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Small print victims

Are you a small print victim? I am. Yesterday, I received a letter saying 'Congratulations' emblazoned across the envelope. Inside was this beautifully printed statement telling me I had won $100,000 (Dhs367,000) and now could afford to make my dreams turn into reality. It then went on to tell me how my lucky number had come up and what I must do to collect the winnings and how proud everyone was in the world that I had won. It also gave me the phone number where I could reconfirm my success and said that everyone at their end was delirious about my win. What nice people. My heart began to beat a little faster. There was no catch. No form to fill, even my name and address were correct. They had got my name from some database and the system had thrown it up as a lucky winner.

This looked like the real thing and my dreams sort of began to get a more tangible act together. Ha, I could now look at all our truly rich friends in the eye, change the sofa set and redeem my image so far as my wife was concerned. We would be well off and could say things like let's do the Serengeti safari run this vacation. Only poor people say holiday for vacation.

But the mental photoplay ran out of tape. Because, at the very end of the letter was this single line confession from the signatory that it was one of his dreams to be able to send me such a letter one day and if I was to take part in the global mega lottery by sending $100 without any binding clause or whatever I might one day get such a letter because the odds were only a laughable 1 million to one.

My heart fell back in speed and the dreams dissolved their cement. What a gyp. My life is full of such displays of fond faith and I am forever being taken for a ride. Not so long ago I was told that if I were to write to the top name in the attached list and stick $5 worth of money in the envelope the chain reaction would make for some sort of mathematical rotation which would trigger a cascade of $5 notes in the mail for me and no one ever got anything less than $40,000 dollars.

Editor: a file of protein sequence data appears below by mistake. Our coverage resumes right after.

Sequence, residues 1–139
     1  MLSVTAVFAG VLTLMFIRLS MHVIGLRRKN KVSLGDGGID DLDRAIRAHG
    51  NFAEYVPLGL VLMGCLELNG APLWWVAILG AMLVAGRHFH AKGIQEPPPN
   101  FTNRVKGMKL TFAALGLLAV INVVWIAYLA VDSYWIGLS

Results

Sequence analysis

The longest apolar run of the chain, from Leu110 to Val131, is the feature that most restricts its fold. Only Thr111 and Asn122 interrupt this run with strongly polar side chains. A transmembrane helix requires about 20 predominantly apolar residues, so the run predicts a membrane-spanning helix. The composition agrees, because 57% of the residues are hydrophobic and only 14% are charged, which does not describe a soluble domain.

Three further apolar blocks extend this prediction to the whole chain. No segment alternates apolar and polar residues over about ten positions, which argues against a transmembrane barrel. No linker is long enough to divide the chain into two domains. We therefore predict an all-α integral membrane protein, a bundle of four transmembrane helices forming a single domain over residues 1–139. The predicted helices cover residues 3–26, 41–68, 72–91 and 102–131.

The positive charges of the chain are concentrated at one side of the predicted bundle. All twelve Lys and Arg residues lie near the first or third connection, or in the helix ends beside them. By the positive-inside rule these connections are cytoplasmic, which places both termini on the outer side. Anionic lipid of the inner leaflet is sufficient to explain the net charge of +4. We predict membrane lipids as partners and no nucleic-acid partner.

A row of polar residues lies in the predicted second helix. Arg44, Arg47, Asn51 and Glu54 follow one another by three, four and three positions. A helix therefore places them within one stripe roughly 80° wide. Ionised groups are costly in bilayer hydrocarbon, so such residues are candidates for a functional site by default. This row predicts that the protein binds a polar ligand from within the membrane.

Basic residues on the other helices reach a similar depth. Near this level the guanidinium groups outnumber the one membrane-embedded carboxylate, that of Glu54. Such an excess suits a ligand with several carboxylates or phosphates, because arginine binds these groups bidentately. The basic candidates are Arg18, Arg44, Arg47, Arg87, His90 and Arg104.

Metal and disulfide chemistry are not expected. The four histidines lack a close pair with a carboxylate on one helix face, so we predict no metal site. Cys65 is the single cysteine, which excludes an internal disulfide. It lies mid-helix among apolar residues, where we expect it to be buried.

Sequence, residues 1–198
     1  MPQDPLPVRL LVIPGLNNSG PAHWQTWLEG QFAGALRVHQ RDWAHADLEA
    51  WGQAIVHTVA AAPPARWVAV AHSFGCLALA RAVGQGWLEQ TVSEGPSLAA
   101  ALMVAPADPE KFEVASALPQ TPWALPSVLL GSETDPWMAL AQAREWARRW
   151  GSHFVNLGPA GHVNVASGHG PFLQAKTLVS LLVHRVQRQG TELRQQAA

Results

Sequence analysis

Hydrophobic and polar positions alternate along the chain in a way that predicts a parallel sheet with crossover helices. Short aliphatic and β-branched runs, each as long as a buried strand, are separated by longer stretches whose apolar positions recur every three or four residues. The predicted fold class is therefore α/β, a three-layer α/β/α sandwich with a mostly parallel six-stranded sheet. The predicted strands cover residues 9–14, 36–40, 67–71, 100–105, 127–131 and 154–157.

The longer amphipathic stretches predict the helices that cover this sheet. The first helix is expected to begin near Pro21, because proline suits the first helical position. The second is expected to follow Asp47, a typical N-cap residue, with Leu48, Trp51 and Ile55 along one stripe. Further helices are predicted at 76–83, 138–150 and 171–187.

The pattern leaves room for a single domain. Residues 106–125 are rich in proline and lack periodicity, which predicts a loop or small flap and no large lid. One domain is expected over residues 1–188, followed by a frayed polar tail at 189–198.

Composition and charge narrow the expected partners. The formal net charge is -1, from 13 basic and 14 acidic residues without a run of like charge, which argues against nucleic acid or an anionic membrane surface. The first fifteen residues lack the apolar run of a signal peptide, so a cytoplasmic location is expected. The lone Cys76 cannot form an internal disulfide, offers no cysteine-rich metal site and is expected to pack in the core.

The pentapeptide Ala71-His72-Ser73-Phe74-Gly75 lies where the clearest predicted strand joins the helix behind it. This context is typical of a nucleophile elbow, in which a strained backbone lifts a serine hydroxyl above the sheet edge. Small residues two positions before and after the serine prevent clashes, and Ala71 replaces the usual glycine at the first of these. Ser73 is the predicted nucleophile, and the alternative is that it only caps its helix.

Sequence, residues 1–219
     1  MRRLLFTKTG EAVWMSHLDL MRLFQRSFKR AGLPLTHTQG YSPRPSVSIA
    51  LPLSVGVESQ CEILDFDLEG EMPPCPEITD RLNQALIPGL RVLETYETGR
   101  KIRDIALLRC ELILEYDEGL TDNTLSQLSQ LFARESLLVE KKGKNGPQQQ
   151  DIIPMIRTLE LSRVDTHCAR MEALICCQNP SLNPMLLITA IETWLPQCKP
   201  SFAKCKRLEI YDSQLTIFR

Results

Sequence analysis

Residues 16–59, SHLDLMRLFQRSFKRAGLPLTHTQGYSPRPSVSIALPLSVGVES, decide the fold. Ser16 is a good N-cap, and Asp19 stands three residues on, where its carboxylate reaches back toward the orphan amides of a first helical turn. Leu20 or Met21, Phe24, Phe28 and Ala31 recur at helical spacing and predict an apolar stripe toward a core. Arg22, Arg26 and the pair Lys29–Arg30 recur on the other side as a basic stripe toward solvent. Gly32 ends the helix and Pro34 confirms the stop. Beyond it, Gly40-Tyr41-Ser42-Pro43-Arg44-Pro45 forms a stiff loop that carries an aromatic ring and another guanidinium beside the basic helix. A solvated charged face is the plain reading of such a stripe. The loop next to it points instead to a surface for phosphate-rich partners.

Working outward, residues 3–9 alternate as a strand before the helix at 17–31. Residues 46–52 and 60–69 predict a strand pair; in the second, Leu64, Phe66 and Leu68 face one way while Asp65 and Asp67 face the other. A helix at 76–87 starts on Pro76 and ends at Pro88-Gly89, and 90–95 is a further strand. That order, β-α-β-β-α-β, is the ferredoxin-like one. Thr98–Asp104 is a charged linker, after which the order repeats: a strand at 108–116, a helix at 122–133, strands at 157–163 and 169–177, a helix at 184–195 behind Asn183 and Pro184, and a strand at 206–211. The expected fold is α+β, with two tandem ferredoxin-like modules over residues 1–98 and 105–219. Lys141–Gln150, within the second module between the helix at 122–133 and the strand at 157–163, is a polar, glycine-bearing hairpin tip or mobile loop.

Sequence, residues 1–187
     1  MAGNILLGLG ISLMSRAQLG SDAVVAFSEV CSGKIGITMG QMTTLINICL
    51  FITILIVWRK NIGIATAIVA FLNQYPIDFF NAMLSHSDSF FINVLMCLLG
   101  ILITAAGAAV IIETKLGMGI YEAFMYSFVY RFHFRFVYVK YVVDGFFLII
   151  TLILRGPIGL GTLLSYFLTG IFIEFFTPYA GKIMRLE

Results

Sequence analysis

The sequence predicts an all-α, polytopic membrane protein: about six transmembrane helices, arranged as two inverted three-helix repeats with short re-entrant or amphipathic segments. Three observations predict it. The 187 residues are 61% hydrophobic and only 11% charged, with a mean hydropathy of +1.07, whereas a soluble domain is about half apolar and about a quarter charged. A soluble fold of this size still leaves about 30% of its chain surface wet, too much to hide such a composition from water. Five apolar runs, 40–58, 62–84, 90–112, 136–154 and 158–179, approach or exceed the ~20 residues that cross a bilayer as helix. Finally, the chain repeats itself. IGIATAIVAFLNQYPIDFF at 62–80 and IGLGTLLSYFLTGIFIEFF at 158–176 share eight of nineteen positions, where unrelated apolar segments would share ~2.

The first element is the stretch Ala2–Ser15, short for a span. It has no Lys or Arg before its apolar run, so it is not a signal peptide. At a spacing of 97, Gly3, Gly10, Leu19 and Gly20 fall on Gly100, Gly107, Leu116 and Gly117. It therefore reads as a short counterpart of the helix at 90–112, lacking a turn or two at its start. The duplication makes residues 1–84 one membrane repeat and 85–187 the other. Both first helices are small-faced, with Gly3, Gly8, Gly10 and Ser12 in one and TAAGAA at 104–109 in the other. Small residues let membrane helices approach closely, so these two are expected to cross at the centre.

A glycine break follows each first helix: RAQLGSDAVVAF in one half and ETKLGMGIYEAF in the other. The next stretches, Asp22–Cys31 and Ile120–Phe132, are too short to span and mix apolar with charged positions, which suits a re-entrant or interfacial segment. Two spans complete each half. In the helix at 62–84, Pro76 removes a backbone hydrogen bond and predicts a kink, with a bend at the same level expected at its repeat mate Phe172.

To back the claim there was this impressive list of historians, scientists, men of letters and celebrities who endorsed the cyclic windfall and explained the algebraic theory behind it and how the pi factor made it all work. Who am I to argue with the pi factor? The only catch was that I should do it now, like don't wait, he who hesitates is lost. Far be it for Vohra to hesitate so I went into my daughters' room where I know the girls keep their 'saved money' for studying abroad and swiped a $5 note promising to give back 18.50 dirhams when they discovered it missing. Then I posted it to the first name on the top and smugly sat back and waited for the avalanche to begin.

A week later not one letter had found its way to my PO Box. Three months later I am still waiting and what is worse, my daughter discovered the missing money and told my wife and my wife said what sort of father chisels money out of his daughter's bag and that was a cheap thing to do and I should be ashamed of myself, imagine. I was imagining. Castles in Capri, a yacht, first class by air, staying at the George Cinq, come on, in my defence, it was worth the risk for $5, it could have worked, what if the cycle had sparked, what if things had started whirring, no one would have bothered about the borrowed money, they would have said what enterprise, what foresight, what vision Vohra showed, what a man, and other wives would have turned to their husbands and said, why can't you be like him? Yes, indeed.

Article by Bikram Vohra
Courtesy: Gulf Today


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